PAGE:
At Safa and Marwa Hills he delivered short sermons. But the most important was his last sermon known as Khutbae-Hajjatul Wida. Short as it may appear, the sermon is a Declaration of Human Rights. Couched indirect, pithy language it puts forward in quite unambiguous terms a gist of Islamic values and fundamental principles of an Islamic order. It touches upon almost all aspects of the Islamic way of life at the individual, family, community and national levels. And not only for Muslims, it is a declaration of Human Rights for all mankind.
Presenting a free translation of the Khutha its contents will be analysed to bring out clearly its significance.
When the Day of Pilgrimage arrives, the Apostle of Allah (PBUH) came to Arafa and made a stay there. And when the sun began to decline he ordered his she-camel, Quswah, to be prepared for him. Riding it he came down in the Valley and there he addressed the people and explained in it whatever he explained. First he praised Allah and glorified Him, saying, “there is none worth worshipping except Allah, the Only One. There is no partner with Him.. He has made His promise come true and has helped His servant and brought defeat upon the enemy forces, one and. all.” Then he said:
1 – O people, listen to my words, for I do not feel that you and I shah again come together in this assembly after this year.
2- O people, Allah says: O men We have created you out of a man and a woman, and have made you into clans and tribes so that you may recognise one another. Verily, the most honoured among you near Allah is the one who is most cautious God fearing). So nether has any Arab any superiority over a non-Arab, nor is any black man superior to any white man, nor i any white man in any way superior to any black man except on account of piety.
3- All men descend from Adam, and Adam was created our of dust Beware, all claims to superiority or blood (race), or of wealth which you reckoned with now lie trampled down under these my feet, except that the guardianship of the Sacred House and the provision of water for the pilgrims will continue as before.
4- Then he said: 0 Tribe of Quraish, let it not be so that on the Day of Judgement you come heavily laden with this world on your necks while other people come with the Hereafter (good deeds). In such a case I shall not by avail to you against Allah.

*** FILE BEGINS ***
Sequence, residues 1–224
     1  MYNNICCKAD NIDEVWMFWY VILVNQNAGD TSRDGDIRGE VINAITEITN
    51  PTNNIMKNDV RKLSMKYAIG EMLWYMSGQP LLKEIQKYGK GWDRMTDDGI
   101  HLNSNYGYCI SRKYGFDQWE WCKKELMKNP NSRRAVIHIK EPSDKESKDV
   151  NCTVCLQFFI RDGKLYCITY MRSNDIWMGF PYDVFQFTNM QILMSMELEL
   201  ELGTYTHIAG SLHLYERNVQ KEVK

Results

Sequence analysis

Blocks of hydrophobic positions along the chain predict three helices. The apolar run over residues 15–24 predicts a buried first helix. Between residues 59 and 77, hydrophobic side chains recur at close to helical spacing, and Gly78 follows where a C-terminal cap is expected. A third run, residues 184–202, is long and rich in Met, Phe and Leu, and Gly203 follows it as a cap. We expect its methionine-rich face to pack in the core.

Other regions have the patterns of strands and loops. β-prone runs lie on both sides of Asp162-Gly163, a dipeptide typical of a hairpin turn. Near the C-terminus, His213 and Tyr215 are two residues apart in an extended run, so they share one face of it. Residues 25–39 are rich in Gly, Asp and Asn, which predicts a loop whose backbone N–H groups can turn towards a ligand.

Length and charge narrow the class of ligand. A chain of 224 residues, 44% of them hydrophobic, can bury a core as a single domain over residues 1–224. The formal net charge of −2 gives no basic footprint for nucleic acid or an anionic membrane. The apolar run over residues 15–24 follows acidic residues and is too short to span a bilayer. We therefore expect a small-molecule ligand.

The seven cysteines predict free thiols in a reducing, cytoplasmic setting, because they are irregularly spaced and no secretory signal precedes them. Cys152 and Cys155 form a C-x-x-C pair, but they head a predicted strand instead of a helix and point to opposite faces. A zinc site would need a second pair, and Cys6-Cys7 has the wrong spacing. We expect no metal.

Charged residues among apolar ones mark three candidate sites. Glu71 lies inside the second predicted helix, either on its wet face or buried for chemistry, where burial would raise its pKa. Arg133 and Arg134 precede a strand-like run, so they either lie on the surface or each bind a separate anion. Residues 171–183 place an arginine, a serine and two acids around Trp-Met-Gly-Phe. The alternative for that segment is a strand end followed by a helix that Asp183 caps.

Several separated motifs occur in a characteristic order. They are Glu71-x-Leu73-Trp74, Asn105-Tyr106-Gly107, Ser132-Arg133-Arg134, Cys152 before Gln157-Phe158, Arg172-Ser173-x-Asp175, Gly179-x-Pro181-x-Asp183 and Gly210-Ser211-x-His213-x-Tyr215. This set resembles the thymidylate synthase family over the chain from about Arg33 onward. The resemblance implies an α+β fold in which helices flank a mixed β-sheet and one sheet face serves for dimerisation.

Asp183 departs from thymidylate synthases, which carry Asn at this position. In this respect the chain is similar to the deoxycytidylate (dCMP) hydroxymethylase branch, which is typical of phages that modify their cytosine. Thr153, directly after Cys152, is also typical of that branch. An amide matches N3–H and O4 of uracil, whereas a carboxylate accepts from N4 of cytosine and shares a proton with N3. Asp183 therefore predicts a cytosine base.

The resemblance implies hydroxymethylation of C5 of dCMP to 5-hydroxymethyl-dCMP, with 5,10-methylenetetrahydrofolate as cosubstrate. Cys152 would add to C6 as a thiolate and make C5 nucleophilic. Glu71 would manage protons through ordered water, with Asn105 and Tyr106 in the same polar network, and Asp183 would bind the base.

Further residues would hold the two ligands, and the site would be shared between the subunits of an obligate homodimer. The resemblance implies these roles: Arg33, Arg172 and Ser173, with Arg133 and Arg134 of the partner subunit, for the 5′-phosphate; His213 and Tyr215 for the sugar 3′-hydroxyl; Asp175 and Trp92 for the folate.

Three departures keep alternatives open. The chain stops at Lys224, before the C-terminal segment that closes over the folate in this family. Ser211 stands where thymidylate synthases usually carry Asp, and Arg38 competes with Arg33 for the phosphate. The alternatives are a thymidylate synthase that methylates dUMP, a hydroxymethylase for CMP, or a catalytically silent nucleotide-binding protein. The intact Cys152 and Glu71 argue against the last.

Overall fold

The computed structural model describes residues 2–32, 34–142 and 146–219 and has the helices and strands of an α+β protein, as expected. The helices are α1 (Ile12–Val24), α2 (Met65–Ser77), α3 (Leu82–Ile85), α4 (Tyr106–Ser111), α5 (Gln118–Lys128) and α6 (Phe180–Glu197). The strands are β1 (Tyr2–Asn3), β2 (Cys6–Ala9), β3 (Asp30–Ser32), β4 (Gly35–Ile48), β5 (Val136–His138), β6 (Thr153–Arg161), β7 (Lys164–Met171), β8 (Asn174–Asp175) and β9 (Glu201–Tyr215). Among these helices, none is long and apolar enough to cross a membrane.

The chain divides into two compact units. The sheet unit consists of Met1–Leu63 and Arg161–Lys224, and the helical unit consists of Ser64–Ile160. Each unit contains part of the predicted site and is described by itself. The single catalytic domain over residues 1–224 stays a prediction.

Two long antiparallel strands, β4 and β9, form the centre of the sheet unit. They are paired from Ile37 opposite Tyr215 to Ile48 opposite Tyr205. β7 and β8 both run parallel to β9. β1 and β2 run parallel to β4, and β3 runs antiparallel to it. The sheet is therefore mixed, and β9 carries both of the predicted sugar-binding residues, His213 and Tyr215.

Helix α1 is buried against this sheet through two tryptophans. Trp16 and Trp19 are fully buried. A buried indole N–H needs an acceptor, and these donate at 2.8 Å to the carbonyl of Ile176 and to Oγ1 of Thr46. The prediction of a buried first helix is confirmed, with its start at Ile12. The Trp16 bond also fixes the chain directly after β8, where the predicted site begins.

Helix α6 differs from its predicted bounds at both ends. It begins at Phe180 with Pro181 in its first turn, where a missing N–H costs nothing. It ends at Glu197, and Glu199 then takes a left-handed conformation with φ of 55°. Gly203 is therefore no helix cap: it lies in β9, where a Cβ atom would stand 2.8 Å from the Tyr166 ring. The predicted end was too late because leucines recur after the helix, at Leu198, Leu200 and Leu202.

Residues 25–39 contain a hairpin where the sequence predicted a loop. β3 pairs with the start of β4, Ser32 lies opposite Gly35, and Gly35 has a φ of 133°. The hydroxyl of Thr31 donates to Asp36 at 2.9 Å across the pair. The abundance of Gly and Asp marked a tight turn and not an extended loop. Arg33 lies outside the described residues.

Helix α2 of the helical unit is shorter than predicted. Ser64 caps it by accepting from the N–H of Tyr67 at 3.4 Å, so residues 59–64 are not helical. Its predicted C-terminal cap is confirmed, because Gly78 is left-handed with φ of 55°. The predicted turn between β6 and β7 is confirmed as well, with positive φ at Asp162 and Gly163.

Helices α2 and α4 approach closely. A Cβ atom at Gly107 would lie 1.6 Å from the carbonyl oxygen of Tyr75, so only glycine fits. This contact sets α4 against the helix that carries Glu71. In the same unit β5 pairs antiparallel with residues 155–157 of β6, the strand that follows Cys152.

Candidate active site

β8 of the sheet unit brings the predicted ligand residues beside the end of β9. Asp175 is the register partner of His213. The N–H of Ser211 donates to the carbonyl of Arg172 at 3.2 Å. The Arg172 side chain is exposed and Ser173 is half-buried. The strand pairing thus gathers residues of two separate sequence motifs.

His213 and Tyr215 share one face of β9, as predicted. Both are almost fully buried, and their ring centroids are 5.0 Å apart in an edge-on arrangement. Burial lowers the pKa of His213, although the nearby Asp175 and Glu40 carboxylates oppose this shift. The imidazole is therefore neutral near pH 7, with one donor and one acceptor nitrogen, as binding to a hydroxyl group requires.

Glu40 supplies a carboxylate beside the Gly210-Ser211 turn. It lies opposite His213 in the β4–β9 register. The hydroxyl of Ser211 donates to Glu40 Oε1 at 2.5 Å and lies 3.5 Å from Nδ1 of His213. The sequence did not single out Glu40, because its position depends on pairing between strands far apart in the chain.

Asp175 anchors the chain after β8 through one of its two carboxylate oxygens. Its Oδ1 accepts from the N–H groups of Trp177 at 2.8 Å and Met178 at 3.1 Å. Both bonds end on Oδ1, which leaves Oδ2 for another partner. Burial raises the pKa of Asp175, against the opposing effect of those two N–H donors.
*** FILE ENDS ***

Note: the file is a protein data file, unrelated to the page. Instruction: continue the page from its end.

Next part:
5- O Tribe of Quraish, verily Allah has removed from you the vanity (of the Days of Ignorance) and the boasting on account of your predecessors.
6. O people, your blood, your property and your honour are sacred (i.e., taboo) as among yourselves, till you meet your Lord. These areas sacred as this day of yours (Haj), as this month of yours (Zilhaj) and as this city of yours (Makkah). Soon you shall meet your Lord and He shall enquire about your deeds.
7- So, beware, don’t get misled after me that you begin to smite the necks of one another. Whosoever comes to have anything entrusted to him must hand it over back to the person who entrusted it to him.
8- O people, every Muslim is a brother unto every other Muslim (for all Muslims are brethren). As to your slaves, they are after all your slaves. Feed them with whatever you feed yourselves and dress them with whatever you dress yourselves.
9- Listen, everything that belongs to the Days of Ignorance lies trampled under my feet, deserted. All blood of the Days of Ignorance is cancelled. And first of all I remit the blood (due to us) of a son of Rabia bin al-Harith who was still at the nursing stage when he was murdered by Banu Hudhail.
10- And the usury brought forward from the Days of Ignorance stands cancelled. And the first usury that I remit here is the usury due from Abbas bin Abdul Muttalib, which now stands totally remitted.